UBC Theses and Dissertations
Brain injury and brain health among individuals living in homelessness or precarious housing Stubbs, Jacob L.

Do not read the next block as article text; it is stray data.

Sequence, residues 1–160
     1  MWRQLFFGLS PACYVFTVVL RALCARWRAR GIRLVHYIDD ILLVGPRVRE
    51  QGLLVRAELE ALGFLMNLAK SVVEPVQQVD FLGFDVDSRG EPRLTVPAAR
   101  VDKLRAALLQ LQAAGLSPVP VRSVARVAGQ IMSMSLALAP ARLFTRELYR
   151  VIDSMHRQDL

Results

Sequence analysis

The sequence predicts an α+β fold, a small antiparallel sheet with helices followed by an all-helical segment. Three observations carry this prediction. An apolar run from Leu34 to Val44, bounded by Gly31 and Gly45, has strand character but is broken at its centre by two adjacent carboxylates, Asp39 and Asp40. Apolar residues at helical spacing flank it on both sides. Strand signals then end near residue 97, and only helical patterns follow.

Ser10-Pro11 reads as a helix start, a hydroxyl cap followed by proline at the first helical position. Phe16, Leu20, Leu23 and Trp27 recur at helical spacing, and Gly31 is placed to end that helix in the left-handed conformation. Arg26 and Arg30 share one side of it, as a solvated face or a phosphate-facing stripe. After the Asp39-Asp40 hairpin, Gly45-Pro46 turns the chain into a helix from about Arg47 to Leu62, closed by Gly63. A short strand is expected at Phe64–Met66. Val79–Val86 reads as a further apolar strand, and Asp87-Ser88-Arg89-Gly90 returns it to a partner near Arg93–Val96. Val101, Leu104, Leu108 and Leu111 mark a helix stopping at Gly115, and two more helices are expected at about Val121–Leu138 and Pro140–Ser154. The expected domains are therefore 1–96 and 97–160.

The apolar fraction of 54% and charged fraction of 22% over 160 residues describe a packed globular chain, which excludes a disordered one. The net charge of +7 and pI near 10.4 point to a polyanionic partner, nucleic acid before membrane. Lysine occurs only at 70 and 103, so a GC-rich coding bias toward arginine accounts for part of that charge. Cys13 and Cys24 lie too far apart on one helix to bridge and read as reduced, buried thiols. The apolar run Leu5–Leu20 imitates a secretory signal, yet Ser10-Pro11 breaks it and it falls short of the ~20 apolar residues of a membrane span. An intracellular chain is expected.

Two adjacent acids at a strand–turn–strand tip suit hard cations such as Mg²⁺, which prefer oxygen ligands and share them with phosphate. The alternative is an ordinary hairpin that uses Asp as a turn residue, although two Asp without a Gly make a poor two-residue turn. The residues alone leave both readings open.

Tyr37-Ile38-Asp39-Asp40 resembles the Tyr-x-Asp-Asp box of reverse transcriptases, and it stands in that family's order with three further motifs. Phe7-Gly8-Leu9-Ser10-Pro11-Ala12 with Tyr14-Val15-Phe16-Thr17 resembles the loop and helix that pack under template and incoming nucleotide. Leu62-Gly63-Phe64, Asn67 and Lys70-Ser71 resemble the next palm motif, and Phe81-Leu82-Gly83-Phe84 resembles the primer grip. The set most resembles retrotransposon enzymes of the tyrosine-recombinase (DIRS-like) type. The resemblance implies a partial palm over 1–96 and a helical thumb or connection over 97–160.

Individuals living in homelessness or precarious housing experience poorer health and earlier mortality than the general population. The overall objective of this work was to characterize the role of traumatic brain injury in the health of these individuals, and evaluate quantitative structural magnetic resonance imaging (MRI) measures of brain structure among these individuals. First, we conducted a systematic review and meta-analysis on the prevalence, incidence, and role of traumatic brain injury in the health of these individuals. We found that more than half of individuals living in homelessness or precarious housing had experienced a traumatic brain injury during their lifetime, while more than one in five had experienced a moderate or severe traumatic brain injury. History of traumatic brain injury was associated with poorer mental and physical health, and poorer functioning. Next, we evaluated quantitative MRI measures of brain macrostructure and microstructure among these individuals compared to a general population sample. Using data from a large study of individuals living in homelessness or precarious housing (n=312), we found that older age was associated with more whole-brain atrophy and decrements in white matter measures as compared to the general population sample (n=382). History of traumatic brain injury, stimulant dependence, and heroin dependence were associated with further decrements in these MRI measures. Finally, we evaluated longitudinal trajectories of these MRI measures among individuals living in homelessness or precarious housing (n=300) and how these trajectories were associated with health and functioning. Rates of change varied across regions of interest, and traumatic brain injury, cardiovascular risk scores, alcohol dependence, and opioid dependence were associated with further decrements in these MRI measures. More rapid decline in MRI measures was associated with declining physical health, declining cognitive functioning, and mortality. Overall, we found that traumatic brain injury is more prevalent among individuals living in homelessness or precarious housing than in the general population, and that traumatic brain injury and other risk factors are associated with decrements in MRI measures of brain structure. A concerted effort is needed to ameliorate the brain health disparities experienced by individuals living in homelessness or precarious housing.
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